Notre Dame 2017 Freshman Numbers & History: Defense
With the freshman numbers officially released/approved by Notre Dame recently, we look at some of the most famous figures who wore those numbers.
DT Kurt Hinish — 41
An unusually low number for a lineman, we wouldn’t be surprised if later in his career he gets into “the 90s.” The lone All-American at Notre Dame to don this number was 1927-29 tackle Ted Twomey.
Safety Matthias Farley (2012-15) quietly posted 192 tackles and eight interceptions during a more than solid career. Linebacker Mike Goolsby (2001-04) produced 177 tackles.
DT Darnell Ewell — 94
Defensive end Willie Fry (1973, 1975-77) was a two-time captain who was the bookend opposite Ross Browner while compiling 214 tackles, 29 for lost yardage and becoming a second-round pick.
Nose tackle Mike Griffin (1983-87) had 139 career stops, while Jarron Jones had 108 and blocked six kicks. Ewell too will likely be a nose tackle.
DE Kofi Wardlow — 47
As with Hinish, another unusual number for a lineman. The two stalwarts were running back Nick Eddy (1964-66), third in the Heisman balloting as a senior, and two-time All-American and two-time captain Ned Bolcar (1985-89) at linebacker, who was succeeded by seven-year NFL veteran Pete Bercich (1990-93)
Lineman Chuck Sweeney (1935-27 earned consensus All-America notice as a senior.
An underrated defensive end was John Hankerd (1977-80), who recorded 177 career tackles, 28 for loss. If Wardlow rivals his career, it would be outstanding.
DE Jonathan MacCollister — 92
No All-Americans for this number but many complementary figures along the line, led by Joe Gramke (1978-81), who recorded 128 career stops. Greg Dingens (1982-85), Bryan Flannery (1986-89) and Kyle Budinscak (2001-04) also had their moments.
DE Myron Tagovailoa-Amosa — 95
Defensive end Victor Abiamiri (2003-06) was the standout with 21.5 career sacks that resulted in him becoming a second-round pick. No one else was drafted, but Junior Bryant (1989-92) ended up playing nine years in the NFL.
LB David Adams — 35
Although an injury cut short his senior year, tackle Frank Leahy (1928-30), who would win four national titles as the head coach, will always be the most famous No. 35.
Halfback Bill Wolski (1963-65) was the top rusher for the 1964 “Resurrection” team, and then fullbacks — younger readers might be asking, “what’s that?” — John Cieszkowski (1969-71) and Ryan Mihalko (1987-90) became strong complementary figures.
Punter Ben Turk (2009-12) also provided quality work as a holder for the 12-1 team in 2012.
LB Drew White — 40
This number had two consecutive heydays in different decades.
First, middle linebacker/nose guard Gary Potempa (1971-73) was the second-leading tackler for the 1973 national champs, and then running back Terry Eurick (1974-77) was a tri-captain for the 1977 national champs.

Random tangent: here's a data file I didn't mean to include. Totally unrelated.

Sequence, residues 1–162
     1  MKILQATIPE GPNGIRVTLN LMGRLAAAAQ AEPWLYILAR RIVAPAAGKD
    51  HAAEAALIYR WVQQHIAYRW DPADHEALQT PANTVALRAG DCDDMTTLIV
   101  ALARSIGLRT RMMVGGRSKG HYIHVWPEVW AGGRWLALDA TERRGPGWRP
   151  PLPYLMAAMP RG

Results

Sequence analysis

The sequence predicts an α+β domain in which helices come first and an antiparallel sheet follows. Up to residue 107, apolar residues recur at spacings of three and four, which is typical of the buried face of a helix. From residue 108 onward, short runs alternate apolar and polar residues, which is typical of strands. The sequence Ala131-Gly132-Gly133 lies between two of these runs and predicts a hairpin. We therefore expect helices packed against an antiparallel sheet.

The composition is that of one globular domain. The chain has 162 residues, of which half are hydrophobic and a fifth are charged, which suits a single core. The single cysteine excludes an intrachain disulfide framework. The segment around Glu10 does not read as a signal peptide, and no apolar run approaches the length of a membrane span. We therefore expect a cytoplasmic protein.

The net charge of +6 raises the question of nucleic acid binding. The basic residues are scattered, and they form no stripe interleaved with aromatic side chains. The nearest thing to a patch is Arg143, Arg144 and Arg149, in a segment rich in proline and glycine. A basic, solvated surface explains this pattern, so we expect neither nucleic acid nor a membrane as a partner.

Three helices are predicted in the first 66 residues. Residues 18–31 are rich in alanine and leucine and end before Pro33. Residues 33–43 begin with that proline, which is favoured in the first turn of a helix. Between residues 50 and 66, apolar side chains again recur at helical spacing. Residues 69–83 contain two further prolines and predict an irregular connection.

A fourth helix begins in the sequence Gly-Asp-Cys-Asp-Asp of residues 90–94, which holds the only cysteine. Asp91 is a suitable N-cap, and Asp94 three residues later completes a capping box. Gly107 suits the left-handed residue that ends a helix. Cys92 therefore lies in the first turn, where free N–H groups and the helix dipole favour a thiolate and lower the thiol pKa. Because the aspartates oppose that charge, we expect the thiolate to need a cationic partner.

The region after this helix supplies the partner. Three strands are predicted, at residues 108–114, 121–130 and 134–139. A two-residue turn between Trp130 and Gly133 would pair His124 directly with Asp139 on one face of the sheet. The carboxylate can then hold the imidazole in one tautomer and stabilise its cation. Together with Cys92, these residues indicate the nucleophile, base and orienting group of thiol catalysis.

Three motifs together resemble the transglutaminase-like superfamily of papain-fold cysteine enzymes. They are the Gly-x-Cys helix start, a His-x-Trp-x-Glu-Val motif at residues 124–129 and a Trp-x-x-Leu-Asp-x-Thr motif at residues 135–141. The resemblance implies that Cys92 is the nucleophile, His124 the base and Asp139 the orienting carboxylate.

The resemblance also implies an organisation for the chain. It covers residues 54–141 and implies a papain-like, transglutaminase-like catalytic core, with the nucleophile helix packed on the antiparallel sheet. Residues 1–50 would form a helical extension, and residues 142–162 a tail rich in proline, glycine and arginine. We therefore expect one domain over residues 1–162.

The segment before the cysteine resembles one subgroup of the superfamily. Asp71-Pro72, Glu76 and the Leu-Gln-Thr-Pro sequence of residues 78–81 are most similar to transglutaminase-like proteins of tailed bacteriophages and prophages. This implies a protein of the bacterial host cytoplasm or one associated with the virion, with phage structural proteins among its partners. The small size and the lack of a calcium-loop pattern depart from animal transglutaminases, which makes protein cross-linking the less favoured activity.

But the top figures would be the Brooks brothers at running back, first Tony Brooks (1987-91), the second leading rusher for the 1988 national champs, and then Reggie Brooks (1989-92), who placed fifth in the 1992 Heisman voting.
ROV Jeremiah Owusu-Koramoah — 30
Like the aforementioned No. 35, this was a fullback number — and the best in Notre Dame history.
First there was Wayne “The Train” Bullock (1972-74), the all-time rushing and touchdowns leader under Ara Parseghian, and the top ground gainer for the 1973 national champs. He was succeeded by Jerome Heavens (1975-78), who became the school’s all-time career rusher as a senior, breaking George Gipp’s 58-year mark, and rushed for more than 1,000 yards, when including the bowl, during the 1977 national title campaign.
Finally, Frank Stams (1984-88) also started at fullback — until blossoming into a consensus All-America rush end for the 1988 national champs.
S Jordan Genmark Heath — 13
He will share this number with classmate/quarterback Avery Davis.
As stated yesterday, No. 13 was a lucky number throughout the Lou Holtz era from 1987-96 with six-year NFL player Pat Eilers (1987-89), a regular at flanker during the school record 23-game winning streak, first-round cornerback Tom Carter (1990-92) and defensive end Bert Berry (1993-96), who played professionally 13 years and was All-Pro in 1994.
Former QB recruit Danny Spond (2010-13) became an outstanding drop linebacker for the 12-1 unit in 2012. He took the number after current Irish QBs coach Tom Rees (2010-13) switched from 13 to 11 following his freshman year in which he was 4-0 with it as the starter.
S Isaiah Robertson — 17
This number’s peak has come under current head coach Brian Kelly, first with safety Zeke Motta (2009-12), a stalwart safety on the outstanding 2012 defense, and then Sam linebacker James Onwualu (2013-16) a captain last season.
Other standouts were 1956 captain/wideout Jim Morse (1954-56), who underwrote the school’s Field Turf, and safeties Mike Crotty (1969-71) and Brian Magee (1992-95).
K/P Jonathan Doerer — 39
At the turn of this century, the Irish received very good linebacker play first from second-team All-American Anthony Denman (1997-2000) with 207 career tackles, 23 for lost yardage, and then Brandon Hoyte (2002-05), a team captain with 287 career tackles, 35 for lost yardage (12 of them sacks). Both helped propel BCS bids as seniors.
And we have to laud fullbacks again from the 1980s, first Larry Moriarty (1980-82), who would play nine years in the NFL, and then the late Braxston Banks (1986-88).